Ecclesiastes 9:10 (New American Standard) leaves sheol untranslated: Whatever your hand finds to do, verily, do it with all your might; for THERE IS NO ACTIVITY OR PLANNING OR WISDOM IN SHEOL WHERE YOU ARE GOING.

Hosea 13:14: I will ransom them from the power of the grave; I will redeem them from death . . . O SHEOL, I will by thy DESTRUCTION. This is a prophecy of how Christ's death will redeem all mankind, resulting in everyone being resurrected from Sheol, the grave. The condition of DEATH will be DESTROYED.

Sheol and Hades

The New Testament books were originally written in Greek. The Greek word hades is an exact equivalent to the Hebrew word sheol-literally, the condition of unconscious death. We know this by comparing Acts 2:31 and Psalm 16:10. Peter applied the Psalm to our Lord Jesus, and said Christ's soul was not left in hell. Most people do not think of Jesus' soul ever being in hell. It is understandable when we realize that the hades of Acts 2:31 and the sheol of Psalm 16:10 both mean the condition of unconscious death. For parts of three days, Jesus was in the condition of unconscious death, but he was not left there: he was resurrected.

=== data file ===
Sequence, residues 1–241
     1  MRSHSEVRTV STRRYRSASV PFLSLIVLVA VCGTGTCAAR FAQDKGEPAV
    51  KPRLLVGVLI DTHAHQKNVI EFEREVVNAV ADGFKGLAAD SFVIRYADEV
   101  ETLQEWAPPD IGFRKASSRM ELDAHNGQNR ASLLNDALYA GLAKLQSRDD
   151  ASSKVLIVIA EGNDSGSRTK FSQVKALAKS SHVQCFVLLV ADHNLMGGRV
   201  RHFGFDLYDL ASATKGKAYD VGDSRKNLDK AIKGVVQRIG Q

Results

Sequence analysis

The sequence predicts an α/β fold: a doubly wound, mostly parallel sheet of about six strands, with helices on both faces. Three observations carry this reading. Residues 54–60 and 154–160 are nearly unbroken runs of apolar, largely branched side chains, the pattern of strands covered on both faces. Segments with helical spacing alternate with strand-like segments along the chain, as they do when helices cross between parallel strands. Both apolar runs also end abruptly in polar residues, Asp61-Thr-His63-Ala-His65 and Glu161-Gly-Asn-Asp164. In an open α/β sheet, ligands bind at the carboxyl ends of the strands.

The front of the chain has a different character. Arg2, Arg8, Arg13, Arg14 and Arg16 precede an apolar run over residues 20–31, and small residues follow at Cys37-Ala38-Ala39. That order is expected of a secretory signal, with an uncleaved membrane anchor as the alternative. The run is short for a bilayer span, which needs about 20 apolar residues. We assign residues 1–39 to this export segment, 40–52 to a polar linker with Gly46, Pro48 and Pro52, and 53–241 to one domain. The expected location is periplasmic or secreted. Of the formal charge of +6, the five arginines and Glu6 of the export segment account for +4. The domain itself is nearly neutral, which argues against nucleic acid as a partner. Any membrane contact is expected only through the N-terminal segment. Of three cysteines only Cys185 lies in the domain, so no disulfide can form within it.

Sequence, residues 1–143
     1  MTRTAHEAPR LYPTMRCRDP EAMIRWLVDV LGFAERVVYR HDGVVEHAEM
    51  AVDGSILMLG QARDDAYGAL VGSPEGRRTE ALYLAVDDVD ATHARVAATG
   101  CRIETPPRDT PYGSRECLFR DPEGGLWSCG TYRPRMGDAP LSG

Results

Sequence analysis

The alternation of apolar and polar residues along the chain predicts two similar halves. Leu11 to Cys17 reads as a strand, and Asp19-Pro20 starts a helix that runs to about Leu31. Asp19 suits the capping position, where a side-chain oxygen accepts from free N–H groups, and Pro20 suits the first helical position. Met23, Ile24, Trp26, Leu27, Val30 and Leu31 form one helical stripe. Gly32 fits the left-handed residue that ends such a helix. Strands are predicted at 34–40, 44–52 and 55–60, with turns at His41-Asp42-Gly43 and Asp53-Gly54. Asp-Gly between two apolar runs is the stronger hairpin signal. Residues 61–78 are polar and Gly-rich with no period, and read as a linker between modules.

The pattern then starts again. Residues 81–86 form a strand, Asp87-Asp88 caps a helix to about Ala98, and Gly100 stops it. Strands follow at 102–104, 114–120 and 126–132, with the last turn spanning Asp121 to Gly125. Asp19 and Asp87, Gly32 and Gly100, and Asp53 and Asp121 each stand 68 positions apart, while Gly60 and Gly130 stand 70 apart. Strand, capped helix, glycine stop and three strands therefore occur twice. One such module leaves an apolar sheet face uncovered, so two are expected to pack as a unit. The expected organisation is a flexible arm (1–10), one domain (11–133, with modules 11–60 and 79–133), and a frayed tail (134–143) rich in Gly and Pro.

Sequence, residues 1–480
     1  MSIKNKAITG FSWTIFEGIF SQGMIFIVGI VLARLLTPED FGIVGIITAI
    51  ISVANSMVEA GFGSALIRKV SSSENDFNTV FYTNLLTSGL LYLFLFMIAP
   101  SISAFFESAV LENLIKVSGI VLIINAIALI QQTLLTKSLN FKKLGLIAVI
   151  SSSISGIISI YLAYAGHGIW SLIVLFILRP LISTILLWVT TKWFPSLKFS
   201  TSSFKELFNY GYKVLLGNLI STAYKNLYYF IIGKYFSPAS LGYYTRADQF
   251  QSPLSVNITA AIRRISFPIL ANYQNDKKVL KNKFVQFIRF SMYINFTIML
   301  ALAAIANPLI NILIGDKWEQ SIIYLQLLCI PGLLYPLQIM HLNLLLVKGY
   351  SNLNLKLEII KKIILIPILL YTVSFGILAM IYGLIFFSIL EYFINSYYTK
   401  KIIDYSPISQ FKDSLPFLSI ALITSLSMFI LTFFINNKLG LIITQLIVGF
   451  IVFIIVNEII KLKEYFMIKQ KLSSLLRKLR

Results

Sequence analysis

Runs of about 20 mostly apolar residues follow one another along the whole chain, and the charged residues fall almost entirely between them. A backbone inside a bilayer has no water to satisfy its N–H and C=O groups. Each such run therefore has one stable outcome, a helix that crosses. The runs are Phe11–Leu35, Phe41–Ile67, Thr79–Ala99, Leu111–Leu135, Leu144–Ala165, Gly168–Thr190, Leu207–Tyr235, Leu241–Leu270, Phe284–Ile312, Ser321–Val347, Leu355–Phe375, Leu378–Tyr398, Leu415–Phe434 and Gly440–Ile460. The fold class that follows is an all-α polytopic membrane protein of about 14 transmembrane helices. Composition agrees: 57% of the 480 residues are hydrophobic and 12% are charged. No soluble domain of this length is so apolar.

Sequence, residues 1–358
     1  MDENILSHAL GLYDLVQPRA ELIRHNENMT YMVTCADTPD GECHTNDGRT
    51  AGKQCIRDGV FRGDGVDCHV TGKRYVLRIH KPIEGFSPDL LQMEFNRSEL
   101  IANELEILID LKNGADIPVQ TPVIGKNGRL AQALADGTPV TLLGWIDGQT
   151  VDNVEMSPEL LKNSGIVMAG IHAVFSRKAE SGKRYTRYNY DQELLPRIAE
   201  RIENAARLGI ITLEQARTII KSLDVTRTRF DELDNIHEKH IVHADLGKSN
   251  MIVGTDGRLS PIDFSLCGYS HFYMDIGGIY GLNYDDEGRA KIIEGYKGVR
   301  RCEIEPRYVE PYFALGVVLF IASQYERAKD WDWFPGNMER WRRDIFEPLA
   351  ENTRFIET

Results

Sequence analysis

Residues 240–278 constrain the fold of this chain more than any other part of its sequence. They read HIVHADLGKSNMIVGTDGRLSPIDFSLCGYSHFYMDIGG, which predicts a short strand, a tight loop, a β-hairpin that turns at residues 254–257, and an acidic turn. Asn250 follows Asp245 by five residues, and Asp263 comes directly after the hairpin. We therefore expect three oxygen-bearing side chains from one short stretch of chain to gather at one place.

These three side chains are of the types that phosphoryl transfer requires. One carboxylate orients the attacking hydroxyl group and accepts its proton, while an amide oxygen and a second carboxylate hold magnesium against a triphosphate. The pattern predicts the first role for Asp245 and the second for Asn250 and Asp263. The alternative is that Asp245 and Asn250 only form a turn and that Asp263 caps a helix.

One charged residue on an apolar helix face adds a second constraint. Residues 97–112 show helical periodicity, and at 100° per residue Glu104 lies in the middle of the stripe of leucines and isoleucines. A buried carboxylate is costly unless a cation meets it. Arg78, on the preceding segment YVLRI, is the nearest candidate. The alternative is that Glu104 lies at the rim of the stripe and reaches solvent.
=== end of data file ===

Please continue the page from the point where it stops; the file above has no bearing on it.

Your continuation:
Hell and Tartaroo

God spared not the angels that sinned, but cast them down to hell [Greek, Tartaroo] and delivered them into chains of darkness, to be reserved unto judgment (2 Pet. 2:4). Tartaroo appears only once in the Greek Bible. It refers to the imprisonment of the fallen angels in chains of darkness with their liberties restrained.


Sleeping in Hades -­ Being Destroyed in Gehenna

The Greek word Gehenna is a transliteration of the Hebrew word Geh Hin-nom which means "Valley of Hinnom." In Jesus' day this valley was the garbage dump of the city. Refuse from the city, carcasses of animals, and executed criminals were thrown into it to be totally consumed. What the everburning flames failed to consume, the worms ate. When Jesus' audience heard the word Gehenna, they knew it meant "complete destruction."